It was so amazing to be able to talk about the daily experiences that we have with our participants here at Cooking Matters, and to hear that our elected officials share our passion for ending hunger in Washington. This is why Cooking Matters is so important in the larger context of food justice in our state. To learn more about these issues, please visit the Anti Hunger & Nutrition Coalition’s list of 2015 legislative priorities website.

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Homeowners Tip: Notice of Pre-Foreclosure Options

Foreclosure signThe Foreclosure Fairness Act went into effect in its current form in July 2012. The better-known component of this legislation is mediation, which can only be requested by an attorney or housing counselor and only after a homeowner receives a Notice of Default. The lesser-known part of the law is that homeowners have options before the Notice of Default and mediation.

If you miss payments on your mortgage, lenders can issue what is called a Notice of Pre-Foreclosure Options (NOPFO). When you are late on your mortgage payment, it can be easy to get overwhelmed with the letters and paperwork your lender sends. But if you don’t open and read everything, you may miss an important opportunity to work with your lender and buy yourself some time to avoid foreclosure. This notice can be easy to miss because you will actually not see these words on the first page. Instead the first page will say “Important Rights for Homeowners.”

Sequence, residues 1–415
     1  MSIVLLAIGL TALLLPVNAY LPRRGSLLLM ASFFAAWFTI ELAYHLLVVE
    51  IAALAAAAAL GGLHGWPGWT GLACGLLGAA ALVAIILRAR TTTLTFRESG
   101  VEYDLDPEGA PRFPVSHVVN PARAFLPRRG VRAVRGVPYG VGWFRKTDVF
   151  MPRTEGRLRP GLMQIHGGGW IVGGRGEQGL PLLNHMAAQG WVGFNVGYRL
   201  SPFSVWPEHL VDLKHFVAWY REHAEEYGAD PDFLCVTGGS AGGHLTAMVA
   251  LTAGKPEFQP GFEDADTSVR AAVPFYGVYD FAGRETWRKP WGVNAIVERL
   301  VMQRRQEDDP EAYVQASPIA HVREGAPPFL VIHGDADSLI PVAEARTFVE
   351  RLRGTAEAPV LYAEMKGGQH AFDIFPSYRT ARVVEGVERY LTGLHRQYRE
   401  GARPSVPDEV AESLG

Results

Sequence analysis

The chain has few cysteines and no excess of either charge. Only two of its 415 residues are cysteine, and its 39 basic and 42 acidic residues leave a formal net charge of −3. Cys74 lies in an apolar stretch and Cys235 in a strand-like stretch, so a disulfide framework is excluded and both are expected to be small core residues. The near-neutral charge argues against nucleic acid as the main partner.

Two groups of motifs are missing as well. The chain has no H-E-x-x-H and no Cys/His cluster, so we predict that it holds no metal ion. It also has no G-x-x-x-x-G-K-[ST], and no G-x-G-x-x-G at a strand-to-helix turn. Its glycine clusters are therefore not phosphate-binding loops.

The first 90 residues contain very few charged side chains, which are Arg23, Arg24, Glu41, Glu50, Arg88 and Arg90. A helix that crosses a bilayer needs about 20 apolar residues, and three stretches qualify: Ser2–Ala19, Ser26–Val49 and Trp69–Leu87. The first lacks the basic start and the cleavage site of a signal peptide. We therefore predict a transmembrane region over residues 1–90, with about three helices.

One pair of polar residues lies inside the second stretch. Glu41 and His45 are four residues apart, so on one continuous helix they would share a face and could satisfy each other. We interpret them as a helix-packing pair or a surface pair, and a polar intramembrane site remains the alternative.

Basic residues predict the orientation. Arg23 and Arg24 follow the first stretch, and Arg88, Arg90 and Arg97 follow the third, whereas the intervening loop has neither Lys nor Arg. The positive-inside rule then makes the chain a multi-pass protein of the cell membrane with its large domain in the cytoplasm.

The notice gives you the right to request a meeting with your lender – referred to as a “meet and confer” session – to discuss options to avoid foreclosure. Unlike mediation, a there is no neutral third party involved, and borrowers can request the meeting themselves. In addition to allowing for the meet and confer, this notice can also extend the foreclosure process by another 60 days.

Simply receiving the notice doesn’t guarantee you these rights. They are only available if you respond to the NOPFO within 30 days of the date listed on the notice. The notice will give you two ways to request the meeting, either in writing or by phone. We suggest that you respond in writing by certified mail so you have a record of it. Here’s some sample language you can use to write your own letter.

Your lender should contact you to schedule a meeting after they receive your response to the NOPFO. The best way to use this time is to submit your loan modification request beforehand so the lender has a chance to review it. This allows the meeting to focus on your specific situation, rather than just general options. Solid Ground’s housing counselors can help you prepare this packet for submission and represent you at the meet and confer session.

The meeting may result in a decision about eligibility for a loan modification or other options, or the lender may outline additional documents needed for review. If there is no agreement reached at this meeting, the lender can continue with the foreclosure process and issue a Notice of Default.

 If you have questions about this or any mortgage related issue, you can contact us at 206.694.6766 or by email at housingcounseling@solid-ground.org. Solid Ground is a HUD-approved housing counseling agency and provides mortgage counseling at no cost. Visit our Mortgage Services webpage for more information.